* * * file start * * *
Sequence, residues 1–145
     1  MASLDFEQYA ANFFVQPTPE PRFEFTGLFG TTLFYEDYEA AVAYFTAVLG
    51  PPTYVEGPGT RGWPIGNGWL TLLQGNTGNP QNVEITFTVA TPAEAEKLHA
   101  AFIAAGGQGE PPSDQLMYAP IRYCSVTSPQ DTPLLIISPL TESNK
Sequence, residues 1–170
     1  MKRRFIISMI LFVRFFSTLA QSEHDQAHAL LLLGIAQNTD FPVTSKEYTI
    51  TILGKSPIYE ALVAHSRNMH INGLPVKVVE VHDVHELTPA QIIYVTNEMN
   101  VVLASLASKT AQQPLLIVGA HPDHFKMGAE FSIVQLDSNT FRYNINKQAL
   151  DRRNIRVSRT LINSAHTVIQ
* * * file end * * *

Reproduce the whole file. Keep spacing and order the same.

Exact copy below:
Sequence, residues 1–145
     1  MASLDFEQYA ANFFVQPTPE PRFEFTGLFG TTLFYEDYEA AVAYFTAVLG
    51  PPTYVEGPGT RGWPIGNGWL TLLQGNTGNP QNVEITFTVA TPAEAEKLHA
   101  AFIAAGGQGE PPSDQLMYAP IRYCSVTSPQ DTPLLIISPL TESNK
Sequence, residues 1–170
     1  MKRRFIISMI LFVRFFSTLA QSEHDQAHAL LLLGIAQNTD FPVTSKEYTI
    51  TILGKSPIYE ALVAHSRNMH INGLPVKVVE VHDVHELTPA QIIYVTNEMN
   101  VVLASLASKT AQQPLLIVGA HPDHFKMGAE FSIVQLDSNT FRYNINKQAL
   151  DRRNIRVSRT LINSAHTVIQ